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Javier Mendez: If Cain Velasquez had never got injured he’d be the greatest heavyweight of all time right now

American Kickboxing Academy head coach Javier Mendez discusses his star heavyweight pupil’s recent injury, and whether this impacts his quest to become the greatest of all time.

Not only will Cain Velasquez have to work hard to regain his health in time to defend his title next year, he will also need to find a way to regain the trust of the fans who no longer trust his ability to stay healthy.

In this particular case, what started as a "slight tear in the meniscus" eventually escalated to an MCL tear, which required immediate surgery. The original pan was that Velasquez would nurse the knee injury during the training camp in hopes of being ready to defend his title on Nov. 15.

However, things simply went from bad to worse, and soon afterwards, Velasquez went under the knife to repair his knee.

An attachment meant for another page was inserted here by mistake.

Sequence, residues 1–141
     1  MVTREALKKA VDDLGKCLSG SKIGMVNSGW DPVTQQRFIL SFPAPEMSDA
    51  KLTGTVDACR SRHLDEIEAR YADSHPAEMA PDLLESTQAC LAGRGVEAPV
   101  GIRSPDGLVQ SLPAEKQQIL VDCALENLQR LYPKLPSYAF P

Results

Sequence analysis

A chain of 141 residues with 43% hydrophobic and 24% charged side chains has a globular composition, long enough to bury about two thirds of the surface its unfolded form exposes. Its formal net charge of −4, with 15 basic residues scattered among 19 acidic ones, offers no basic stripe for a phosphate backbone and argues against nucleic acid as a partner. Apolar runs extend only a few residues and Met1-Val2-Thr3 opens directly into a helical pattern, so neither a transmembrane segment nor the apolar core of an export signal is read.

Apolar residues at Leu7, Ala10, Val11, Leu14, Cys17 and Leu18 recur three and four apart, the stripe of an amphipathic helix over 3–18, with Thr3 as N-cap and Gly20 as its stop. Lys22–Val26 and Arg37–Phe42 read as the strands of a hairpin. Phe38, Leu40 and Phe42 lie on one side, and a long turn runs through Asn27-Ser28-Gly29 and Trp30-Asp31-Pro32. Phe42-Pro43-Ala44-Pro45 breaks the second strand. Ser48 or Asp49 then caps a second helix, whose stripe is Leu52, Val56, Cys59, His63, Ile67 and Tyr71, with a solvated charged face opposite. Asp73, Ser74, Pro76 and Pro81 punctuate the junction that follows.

"The surgery went well, but there was more damage than anticipated, which didn't make sense to me because he's so freaking tough," Velasquez's coach, Javier Mendez, told Ariel Helwani on The MMA Hour. "If Cain says ‘oww' it must be a lot worse than he's making it out to be, because that guy can take pain like I've never seen. So when it turned out that his MCL was worse, they put two anchors on it, it turns out he'll be out a little longer than anticipated.

"[Velasquez]'s on crutches right now," he said. "Two weeks on crutches, and then he'll be on the knee brace for I believe six weeks. So, if you count all that, you can't figure out the numbers."

In light of Velasquez's recent injury, Mendez was brutally honest about the heavyweight's position amongst the greatest of all time in MMA.

"If he had never got injured he'd be the greatest heavyweight of all time right now because of what the guy can do," he said. "What I do believe is that it's just going to take longer for people to recognize him as the greatest. Even if he doesn't get injured going forward, he still has a good...depending on him, he still has a good six to seven or eight years -- even ten years of fighting, if that's what he chooses to do. So he's still going to hit that goal of being the greatest of all time. Obviously, we can't label him there. Not yet, because he needs more fights I think. He will get there. It's just going to take a little longer."

Transcription taken from